Panel’s TX Foster Care Recommendations — And One Girl’s Experience

This was an important week in the effort to protect and support kids in Texas foster care — although it will be even more important to see what state leaders do to follow up after this week.

On Tuesday, the panel of experts selected by the state and the plaintiffs in the Texas foster care lawsuit released their highly anticipated recommendations. They delivered their report as the federal court held another hearing regarding the lawsuit. Additionally, the Monitors appointed by the court released two more reports, underscoring the terrible conditions many Texas kids face in foster care — including kids whom the state has placed as far away as Michigan. The Monitors’ reports are here and here. You can read more about the reports and the hearing from the Dallas Morning News, KXAN, NBC DFW, Texas Tribune, and others.

One report by the Monitors includes the story of a night experienced by an eight-year-old girl in foster care, who brushed her teeth but then refused to go to bed. In her unlicensed facility, where she was supervised by untrained staff rather than nurtured by a family, this typical childhood experience quickly escalated. Fueled by the trauma she had already experienced, she soon began to spit, take off her clothes, and throw a tantrum. Staff called 911. A police officer arrived. Then another. The little girl explained that she was upset because she wanted to be with her brother. She broke down and cried. Eventually, after a bedtime story, she went to sleep.

We urge DFPS, HHSC, the Legislature, and the Governor to quickly follow the steps outlined by the panel of experts to make sure that kids in foster care, like this little girl, can live and heal with a foster family or an aunt and uncle instead of facing more trauma and instability in an institution, a CPS office, or a dangerous, unlicensed foster home. We know state agencies and local foster care providers are already working hard on some of these strategies, and we hope that state leaders will embrace the plan’s recommendations. While the report addresses children already in foster care, we also urge the state to implement these recommendations in ways that provide support earlier so children can stay safely with their families in the first place rather than entering foster care.

There were four themes that jumped out at us from the three reports and the hearing:

  • In unsafe foster placements, trauma is continuing and escalating for kids. Not only that, but they are often blamed for acting out after they experience this trauma. The reports make clear that we need to stop blaming, traumatizing, and dehumanizing kids in foster care and start helping them heal. When kids experience an escalation of trauma and instability in foster care instead of healing and support, not only do children suffer, but it becomes harder to find families who can care for them.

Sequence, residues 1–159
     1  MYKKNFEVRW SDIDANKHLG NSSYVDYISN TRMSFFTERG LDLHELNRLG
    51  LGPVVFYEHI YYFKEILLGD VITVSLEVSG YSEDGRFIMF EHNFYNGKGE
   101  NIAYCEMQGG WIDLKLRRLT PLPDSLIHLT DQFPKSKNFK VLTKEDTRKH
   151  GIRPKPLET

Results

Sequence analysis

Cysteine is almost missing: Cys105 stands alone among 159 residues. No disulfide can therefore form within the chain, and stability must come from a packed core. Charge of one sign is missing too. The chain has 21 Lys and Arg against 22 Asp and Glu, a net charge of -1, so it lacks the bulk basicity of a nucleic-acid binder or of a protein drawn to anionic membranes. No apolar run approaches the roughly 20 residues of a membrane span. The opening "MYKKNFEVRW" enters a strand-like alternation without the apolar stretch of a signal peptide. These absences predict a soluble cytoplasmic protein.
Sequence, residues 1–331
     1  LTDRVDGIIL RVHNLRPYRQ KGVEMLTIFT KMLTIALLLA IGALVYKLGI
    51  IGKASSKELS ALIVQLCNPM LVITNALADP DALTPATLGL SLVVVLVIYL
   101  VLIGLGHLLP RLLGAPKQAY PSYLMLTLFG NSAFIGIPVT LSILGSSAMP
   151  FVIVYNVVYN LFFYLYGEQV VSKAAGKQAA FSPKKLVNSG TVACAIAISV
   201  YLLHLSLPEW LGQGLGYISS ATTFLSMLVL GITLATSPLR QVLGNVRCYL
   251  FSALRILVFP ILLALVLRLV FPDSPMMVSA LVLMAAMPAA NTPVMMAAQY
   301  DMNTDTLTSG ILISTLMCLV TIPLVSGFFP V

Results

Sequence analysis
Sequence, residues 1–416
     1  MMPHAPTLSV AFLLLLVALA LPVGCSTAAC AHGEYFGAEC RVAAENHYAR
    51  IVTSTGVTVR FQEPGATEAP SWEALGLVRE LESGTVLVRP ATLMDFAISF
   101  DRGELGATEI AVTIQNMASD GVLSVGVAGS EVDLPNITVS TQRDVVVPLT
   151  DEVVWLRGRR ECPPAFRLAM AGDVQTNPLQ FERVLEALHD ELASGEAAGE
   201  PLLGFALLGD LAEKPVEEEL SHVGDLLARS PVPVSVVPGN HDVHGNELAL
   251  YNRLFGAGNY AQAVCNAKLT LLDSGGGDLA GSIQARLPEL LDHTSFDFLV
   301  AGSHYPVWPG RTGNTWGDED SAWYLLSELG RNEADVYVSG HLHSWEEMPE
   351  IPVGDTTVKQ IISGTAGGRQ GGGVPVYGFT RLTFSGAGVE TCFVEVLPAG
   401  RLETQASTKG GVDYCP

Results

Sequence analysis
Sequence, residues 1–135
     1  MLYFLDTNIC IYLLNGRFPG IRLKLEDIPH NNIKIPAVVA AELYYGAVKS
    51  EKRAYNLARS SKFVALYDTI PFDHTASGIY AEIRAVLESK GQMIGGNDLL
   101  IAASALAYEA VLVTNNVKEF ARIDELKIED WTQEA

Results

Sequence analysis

• Families, not just better facilities, are the best option in foster care for kids with complex needs. There is a lot of attention right now on the important goal of getting kids out of these unofficial placements, like CPS offices, hotels, and unlicensed facilities. But the report makes clear that we need to make sure kids in foster care are with families — whether it’s a well-trained foster family or kinship care, like a grandparent or aunt and uncle — instead of just moving kids from unlicensed facilities into licensed group facilities or shelters.
  • To place more of these kids with foster families or relatives, they need better mental health services in foster care. Providing these services is not only essential for helping children heal and thrive, but it’s also essential for making sure foster families have the support they need to take care of kids who are experiencing mental health challenges after so much trauma. Some of the panel’s specific mental health recommendations include increasing access and decreasing wait times for YES waiver services and developing respite care, mobile crisis, and Family Partners. Many of these recommendations are described in our recent memo to the Legislature on the foster care crisis.
  • Texas also needs to improve foster facilities for kids when they can’t be placed with a family. When kids are moved out of CPS offices and other unlicensed placements, some kids will still need to stay for short periods of time in high-quality, licensed group treatment facilities before they move in with families. The report outlines how Texas can improve the quality of those facilities, make them safer, and provide effective services in those facilities. Of note, the court and the report are urging DFPS to take the implementation of the Family First Act more seriously to improve the quality of group care and save the state money.

We look forward to working with our partners and state leaders to move forward quickly on these recommendations to help children heal from trauma and grow up with the support they need to thrive.